Concrete is the second most used product on the planet, after water, and almost half of it is produced in China. The booming Chinese economy has created such a demand for building materials that cement production there last year released 540m tonnes of carbon dioxide - just short of Britain's total output from all sources. Cement's weight and low value mean it is almost always made close to where it is needed, and China's demand helped it to overtake the US as the world's leading polluter last year. Like the aviation industry, the expected rapid growth in cement production is at severe odds with calls to cut carbon emissions to tackle global warming.Fortunately, there appears to be a solution to this juggernaut in the form of a new type of cement called Novacem, made by a British company of the same name. Novacem recently won the Material of the Year Award from Material ConneXion, which states that,
By replacing the calcium carbonates used in cement formulation with magnesium silicates, and by using a low-temperature production process that runs on biomass fuels, Novacem has developed a new class of cement that offers performance and cost parity with ordinary Portland Cement, but with a negative carbon footprint.Presenting the award, George M. Beylerian, Founder & CEO of Material ConneXion said, "Our award for Material of the Year celebrates the power of material innovation to enhance the world in which we live—from our built environment to the designs that we interact with on a daily basis." Some have called the prospect of carbon capturing cement "the holy grail." According the award's press release, citing Dr. Andrew H. Dent, Material ConneXion’s Vice President,
Concrete constitutes the greatest amount of manmade material on this planet—one that is claimed to contribute to 5% of humanity’s carbon footprint. With a simple change of ingredient, Novacem has achieved what could be one of the single largest reductions in CO2 emissions in construction to date. This carbon negative cement reduces carbon emissions of poured concrete from 800Kg emitted per ton to 50kg absorbed per ton.Pretty impressive, eh? Apparently, I'm not the only one that thinks so. When I visited Novacem's website I saw that Novacem was also, “a World Economic Forum Technology Pioneer for 2011” and was featured on “MIT Technology Review's list of the ten most important emerging technologies for 2010. It is also on the Global Cleantech 100, is a Wall Street Journal Technology Innovation winner and a Bloomberg New Energy Pioneer for 2010.” So what are these magnesium silicates that they intend to use, you ask, some kind of exotic rare earth formulation? You might recognize them by their more common name: talc. Novacem, which has been developing this product for over twenty years, estimates that worldwide reserves are in excess of 10 billion tons. Of course, no one expects makers of conventional Portland cement to simply roll over. They claim that magnesium based cements have been around for well over a century and are commonly known as Sorel cements. They acknowledge that Novacem represents a new formulation, but speculate that it will likely be far more expensive. Or maybe they are just hoping so. Novacem is not yet commercially available, and there are no independent test reports available as yet either. So some caution is warranted here. Yet if this company comes anywhere close to meeting its claims, this would be very good news indeed. China, are you listening? [Image credit: Cement plant-China: tk_yeoh:Flickr Creative Commons] RP Siegel is the co-author of the eco-thriller Vapor Trails, the first in a series covering the human side of various sustainability issues including energy, food, and water. Like airplanes, we all leave behind a vapor trail. And though we can easily see others’, we rarely see our own. Follow RP Siegel on Twitter.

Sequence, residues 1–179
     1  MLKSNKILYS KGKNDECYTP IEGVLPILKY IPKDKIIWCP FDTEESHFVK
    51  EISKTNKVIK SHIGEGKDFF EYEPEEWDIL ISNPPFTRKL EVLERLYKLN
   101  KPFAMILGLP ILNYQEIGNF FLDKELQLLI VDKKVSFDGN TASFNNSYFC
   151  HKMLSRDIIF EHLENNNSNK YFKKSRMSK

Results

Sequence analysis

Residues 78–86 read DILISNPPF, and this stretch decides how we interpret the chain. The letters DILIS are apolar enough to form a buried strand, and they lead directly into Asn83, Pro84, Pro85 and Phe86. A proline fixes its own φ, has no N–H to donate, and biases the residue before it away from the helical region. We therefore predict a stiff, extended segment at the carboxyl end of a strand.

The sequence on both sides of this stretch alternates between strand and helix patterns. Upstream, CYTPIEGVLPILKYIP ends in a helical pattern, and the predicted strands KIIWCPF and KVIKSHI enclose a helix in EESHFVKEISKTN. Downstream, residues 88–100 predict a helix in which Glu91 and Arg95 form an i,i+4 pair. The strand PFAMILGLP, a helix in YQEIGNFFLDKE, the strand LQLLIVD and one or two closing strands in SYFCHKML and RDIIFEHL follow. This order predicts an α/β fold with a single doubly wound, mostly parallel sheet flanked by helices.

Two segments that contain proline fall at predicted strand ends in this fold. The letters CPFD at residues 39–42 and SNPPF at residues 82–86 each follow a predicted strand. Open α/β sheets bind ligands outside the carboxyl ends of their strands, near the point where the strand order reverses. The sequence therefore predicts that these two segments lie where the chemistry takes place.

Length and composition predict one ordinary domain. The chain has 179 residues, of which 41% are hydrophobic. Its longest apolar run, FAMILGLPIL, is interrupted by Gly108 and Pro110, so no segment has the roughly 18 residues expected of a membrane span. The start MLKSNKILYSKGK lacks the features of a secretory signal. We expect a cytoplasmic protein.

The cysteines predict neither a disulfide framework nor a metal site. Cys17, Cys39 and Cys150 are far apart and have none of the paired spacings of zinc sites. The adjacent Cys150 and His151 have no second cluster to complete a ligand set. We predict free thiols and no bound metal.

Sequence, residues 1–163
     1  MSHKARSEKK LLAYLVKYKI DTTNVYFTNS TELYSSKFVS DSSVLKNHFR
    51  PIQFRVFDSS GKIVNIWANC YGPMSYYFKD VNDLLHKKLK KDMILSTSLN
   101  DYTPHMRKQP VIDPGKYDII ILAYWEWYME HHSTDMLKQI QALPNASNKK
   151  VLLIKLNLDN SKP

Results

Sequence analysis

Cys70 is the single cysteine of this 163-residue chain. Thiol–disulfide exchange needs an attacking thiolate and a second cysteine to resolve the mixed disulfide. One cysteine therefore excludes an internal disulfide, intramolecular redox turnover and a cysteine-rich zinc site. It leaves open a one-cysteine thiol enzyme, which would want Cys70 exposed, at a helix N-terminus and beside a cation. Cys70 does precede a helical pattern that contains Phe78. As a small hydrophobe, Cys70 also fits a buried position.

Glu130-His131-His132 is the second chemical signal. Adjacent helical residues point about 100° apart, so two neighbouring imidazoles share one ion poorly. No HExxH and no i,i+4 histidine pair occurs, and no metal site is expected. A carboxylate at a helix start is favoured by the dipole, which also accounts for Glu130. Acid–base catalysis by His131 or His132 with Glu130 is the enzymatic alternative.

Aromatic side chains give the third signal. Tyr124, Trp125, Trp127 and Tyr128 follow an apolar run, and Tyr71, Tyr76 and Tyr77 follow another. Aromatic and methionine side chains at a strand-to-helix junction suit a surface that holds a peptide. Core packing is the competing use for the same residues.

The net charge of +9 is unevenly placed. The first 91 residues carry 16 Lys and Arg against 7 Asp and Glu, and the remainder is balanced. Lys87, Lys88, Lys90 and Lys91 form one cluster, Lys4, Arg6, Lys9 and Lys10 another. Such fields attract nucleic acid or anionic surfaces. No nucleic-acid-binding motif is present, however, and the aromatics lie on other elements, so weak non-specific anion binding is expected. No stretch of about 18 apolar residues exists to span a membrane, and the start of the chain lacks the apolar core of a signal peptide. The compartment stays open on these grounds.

RP Siegel, author and inventor, shines a powerful light on numerous environmental and technological topics. His work has appeared in Triple Pundit, GreenBiz, Justmeans, CSRWire, Sustainable Brands, Grist, Strategy+Business, Mechanical Engineering, Design News, PolicyInnovations, Social Earth, Environmental Science, 3BL Media, ThomasNet, Huffington Post, Eniday, and engineering.com among others . He is the co-author, with Roger Saillant, of Vapor Trails, an adventure novel that shows climate change from a human perspective. RP is a professional engineer - a prolific inventor with 53 patents and President of Rain Mountain LLC a an independent product development group. RP was the winner of the 2015 Abu Dhabi Sustainability Week blogging competition. Contact: email@example.com